Enough time has passed since the deal regarding Iran’s nuclear program that one can begin to make a rational assessment about how successful it has been at limiting Iran’s nuclear capacity and bringing its program under international oversight. My view is that the deal has been more successful than I expected, although there are flaws.
I recently offered to tutor Donald Trump on nuclear matters. To put things clearly, I went on his website and in the place where you could send comments, I began mine by saying that on these things he did not seem to know his ass from a wheel. I felt that as a person who seems to like straight talk he might appreciate my candor.
On January 6, North Korea detonated a nuclear device with a yield larger than that of any previous North Korean test, but the kind of bomb tested remains a mystery. Most likely, the bomb was a “boosted device.” This is a very serious matter because these weapons, while having an enhanced yield, can be made light enough to fit on rockets, which the North Koreans have in abundance.
Among the cosmological phenomena that the theory of relativity successfully predicted was one that Einstein could never accept: the existence of black holes. In fact, in the late 1930s he wrote a paper that purported to show that black holes were impossible. A referee rejected this paper, concluding that it contained mistakes—something that at first made Einstein quite angry until he realized that the referee was right.
Listening to the American and Iranian presidents, One has the impression they are living in alternate universes. In Obama’s universe, Iran has agreed to stop work on centrifuges and vastly reduce its stockpile of enriched uranium. In Rouhani’s universe, being able to keep 6,000 centrifuges is a major victory, work on new centrifuges will proceed, and uranium will continue to be enriched.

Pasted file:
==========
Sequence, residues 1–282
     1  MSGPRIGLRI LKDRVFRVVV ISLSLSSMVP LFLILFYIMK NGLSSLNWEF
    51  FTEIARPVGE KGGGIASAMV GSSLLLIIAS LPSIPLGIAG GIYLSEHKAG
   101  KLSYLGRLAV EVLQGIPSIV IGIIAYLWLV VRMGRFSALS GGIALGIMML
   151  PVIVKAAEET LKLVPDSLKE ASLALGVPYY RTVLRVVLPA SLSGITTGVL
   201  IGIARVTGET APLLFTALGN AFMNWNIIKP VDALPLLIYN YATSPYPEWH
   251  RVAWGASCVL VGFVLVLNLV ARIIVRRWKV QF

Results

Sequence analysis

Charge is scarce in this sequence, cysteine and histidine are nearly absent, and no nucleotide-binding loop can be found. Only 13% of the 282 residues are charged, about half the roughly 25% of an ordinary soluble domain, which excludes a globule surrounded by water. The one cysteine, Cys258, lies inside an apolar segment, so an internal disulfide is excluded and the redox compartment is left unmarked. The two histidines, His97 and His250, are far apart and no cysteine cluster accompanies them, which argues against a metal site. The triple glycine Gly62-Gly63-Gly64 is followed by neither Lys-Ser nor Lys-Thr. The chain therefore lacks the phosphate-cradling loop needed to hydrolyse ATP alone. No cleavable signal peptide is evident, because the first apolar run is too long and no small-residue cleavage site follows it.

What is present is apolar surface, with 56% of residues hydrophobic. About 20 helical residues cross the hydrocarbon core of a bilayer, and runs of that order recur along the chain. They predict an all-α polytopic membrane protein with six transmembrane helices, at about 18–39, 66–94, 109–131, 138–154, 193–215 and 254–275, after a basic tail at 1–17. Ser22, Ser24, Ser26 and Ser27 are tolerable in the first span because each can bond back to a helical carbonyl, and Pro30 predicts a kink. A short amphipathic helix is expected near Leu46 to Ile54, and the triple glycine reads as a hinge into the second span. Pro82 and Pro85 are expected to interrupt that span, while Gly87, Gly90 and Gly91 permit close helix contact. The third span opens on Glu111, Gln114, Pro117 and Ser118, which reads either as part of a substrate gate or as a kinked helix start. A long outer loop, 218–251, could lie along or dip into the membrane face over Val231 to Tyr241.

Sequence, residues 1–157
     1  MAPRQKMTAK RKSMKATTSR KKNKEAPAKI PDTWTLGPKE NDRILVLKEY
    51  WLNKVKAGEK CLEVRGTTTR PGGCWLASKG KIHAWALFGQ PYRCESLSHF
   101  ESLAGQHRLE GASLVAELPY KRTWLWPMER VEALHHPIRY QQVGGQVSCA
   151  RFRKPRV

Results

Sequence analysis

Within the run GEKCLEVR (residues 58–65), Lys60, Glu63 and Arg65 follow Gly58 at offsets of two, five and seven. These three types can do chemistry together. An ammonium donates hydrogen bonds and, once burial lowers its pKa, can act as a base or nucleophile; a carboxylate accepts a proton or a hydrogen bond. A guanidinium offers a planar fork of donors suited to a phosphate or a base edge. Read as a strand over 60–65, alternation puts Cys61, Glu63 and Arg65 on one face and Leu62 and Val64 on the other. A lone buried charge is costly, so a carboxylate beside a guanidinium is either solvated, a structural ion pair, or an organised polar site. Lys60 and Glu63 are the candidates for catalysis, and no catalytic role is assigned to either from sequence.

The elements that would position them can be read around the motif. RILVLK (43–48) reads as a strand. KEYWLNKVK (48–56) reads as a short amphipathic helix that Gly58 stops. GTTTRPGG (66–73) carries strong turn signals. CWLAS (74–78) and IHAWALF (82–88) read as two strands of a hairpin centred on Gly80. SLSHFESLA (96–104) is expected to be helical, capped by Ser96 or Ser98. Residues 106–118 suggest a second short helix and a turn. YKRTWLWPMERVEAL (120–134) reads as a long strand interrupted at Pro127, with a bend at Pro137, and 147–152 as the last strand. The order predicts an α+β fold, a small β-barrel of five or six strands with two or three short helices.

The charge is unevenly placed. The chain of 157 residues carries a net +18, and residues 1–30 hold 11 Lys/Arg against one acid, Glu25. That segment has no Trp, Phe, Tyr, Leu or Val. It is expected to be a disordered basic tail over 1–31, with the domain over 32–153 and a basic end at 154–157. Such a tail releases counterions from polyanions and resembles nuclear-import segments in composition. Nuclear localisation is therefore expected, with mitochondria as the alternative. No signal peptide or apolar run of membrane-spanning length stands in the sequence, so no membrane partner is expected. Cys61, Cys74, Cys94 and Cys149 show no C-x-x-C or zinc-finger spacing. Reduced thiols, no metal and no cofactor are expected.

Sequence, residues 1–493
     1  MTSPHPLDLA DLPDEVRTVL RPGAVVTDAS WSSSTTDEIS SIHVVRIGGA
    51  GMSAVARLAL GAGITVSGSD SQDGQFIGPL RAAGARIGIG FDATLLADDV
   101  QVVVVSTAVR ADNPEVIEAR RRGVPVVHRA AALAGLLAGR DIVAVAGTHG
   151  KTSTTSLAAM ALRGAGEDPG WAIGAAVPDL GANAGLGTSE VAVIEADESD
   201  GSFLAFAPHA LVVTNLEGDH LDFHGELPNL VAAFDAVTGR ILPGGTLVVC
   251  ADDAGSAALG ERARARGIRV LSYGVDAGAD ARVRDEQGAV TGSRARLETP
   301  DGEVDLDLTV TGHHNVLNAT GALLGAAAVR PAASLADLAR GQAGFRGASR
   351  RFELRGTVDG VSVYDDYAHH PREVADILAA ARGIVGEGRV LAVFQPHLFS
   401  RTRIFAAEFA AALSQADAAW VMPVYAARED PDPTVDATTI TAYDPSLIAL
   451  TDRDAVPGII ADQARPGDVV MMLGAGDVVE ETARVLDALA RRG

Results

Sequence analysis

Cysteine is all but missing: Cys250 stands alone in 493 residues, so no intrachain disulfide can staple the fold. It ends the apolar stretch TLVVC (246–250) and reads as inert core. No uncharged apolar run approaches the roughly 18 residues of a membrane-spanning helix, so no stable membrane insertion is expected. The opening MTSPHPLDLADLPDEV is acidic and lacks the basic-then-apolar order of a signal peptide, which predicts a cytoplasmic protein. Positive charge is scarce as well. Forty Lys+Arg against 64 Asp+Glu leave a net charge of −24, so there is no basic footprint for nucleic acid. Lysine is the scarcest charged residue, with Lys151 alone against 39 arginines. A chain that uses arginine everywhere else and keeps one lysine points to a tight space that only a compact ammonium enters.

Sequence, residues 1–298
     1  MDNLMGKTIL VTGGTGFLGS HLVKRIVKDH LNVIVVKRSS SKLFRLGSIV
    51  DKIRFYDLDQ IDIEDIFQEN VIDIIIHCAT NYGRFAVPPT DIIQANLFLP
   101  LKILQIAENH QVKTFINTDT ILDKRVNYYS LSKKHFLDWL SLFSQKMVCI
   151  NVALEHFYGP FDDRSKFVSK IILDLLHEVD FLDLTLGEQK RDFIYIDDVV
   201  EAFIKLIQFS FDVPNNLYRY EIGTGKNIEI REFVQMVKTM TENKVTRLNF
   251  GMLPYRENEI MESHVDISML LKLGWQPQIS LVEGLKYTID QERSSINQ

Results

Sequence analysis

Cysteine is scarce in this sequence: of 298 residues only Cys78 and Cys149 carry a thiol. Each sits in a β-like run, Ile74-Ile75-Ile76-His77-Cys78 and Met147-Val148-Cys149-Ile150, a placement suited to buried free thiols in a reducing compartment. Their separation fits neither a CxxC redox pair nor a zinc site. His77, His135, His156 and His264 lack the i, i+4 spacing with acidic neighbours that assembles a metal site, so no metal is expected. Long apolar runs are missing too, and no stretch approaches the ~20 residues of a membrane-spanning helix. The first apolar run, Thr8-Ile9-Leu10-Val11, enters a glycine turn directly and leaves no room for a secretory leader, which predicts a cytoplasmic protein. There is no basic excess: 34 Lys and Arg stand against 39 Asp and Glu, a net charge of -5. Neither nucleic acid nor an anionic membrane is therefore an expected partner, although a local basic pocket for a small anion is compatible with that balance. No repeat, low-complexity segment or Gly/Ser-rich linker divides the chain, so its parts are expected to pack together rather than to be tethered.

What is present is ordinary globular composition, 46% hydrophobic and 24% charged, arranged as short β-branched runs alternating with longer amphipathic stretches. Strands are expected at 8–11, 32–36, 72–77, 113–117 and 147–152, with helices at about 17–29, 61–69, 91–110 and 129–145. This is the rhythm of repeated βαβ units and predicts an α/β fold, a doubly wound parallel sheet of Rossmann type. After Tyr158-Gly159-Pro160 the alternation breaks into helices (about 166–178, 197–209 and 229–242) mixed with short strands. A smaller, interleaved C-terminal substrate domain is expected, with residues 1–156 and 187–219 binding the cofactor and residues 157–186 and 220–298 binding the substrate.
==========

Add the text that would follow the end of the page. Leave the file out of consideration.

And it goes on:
One of the most interesting parts of the Joint Comprehensive Plan of Action reached between the P5+1 countries and Iran has to do with the enrichment facility at Fordow. According to the plan, the facility is to be wholly converted to peaceful purposes. But the important thing to know about Fordow is its underground location.
I entered Harvard in the fall of 1947. Within a year I started to know members of the physics department. By the time I left Cambridge ten years later I knew them all. A number of them had been at Los Alamos during the war and had essential parts in building the bomb. But none of them ever said anything about it, at least not to me.
Watching the crisis in Ukraine unfold, it is easy to forget how much worse it could have been. In 1991 Ukraine had the third largest nuclear arsenal in the world. Many of these weapons were stored in the Crimea. What might have happened if Ukraine had not disarmed?